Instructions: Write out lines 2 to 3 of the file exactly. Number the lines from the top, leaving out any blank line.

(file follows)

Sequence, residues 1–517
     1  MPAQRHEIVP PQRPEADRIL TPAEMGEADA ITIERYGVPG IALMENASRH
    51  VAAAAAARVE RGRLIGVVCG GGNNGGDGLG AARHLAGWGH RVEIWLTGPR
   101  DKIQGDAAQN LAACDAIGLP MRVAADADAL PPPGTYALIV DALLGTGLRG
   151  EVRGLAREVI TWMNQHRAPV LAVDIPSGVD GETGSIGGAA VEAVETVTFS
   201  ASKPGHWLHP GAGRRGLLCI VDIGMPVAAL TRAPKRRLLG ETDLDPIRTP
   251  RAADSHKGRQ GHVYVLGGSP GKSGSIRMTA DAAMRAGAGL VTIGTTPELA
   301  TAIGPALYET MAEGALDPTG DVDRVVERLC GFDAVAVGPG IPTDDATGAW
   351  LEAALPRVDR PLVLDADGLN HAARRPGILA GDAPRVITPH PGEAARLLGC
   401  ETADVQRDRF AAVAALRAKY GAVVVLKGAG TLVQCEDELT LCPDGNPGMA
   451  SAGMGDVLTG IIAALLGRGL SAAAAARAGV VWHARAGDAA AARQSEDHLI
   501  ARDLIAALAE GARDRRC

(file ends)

     1  MPAQRHEIVP PQRPEADRIL TPAEMGEADA ITIERYGVPG IALMENASRH
    51  VAAAAAARVE RGRLIGVVCG GGNNGGDGLG AARHLAGWGH RVEIWLTGPR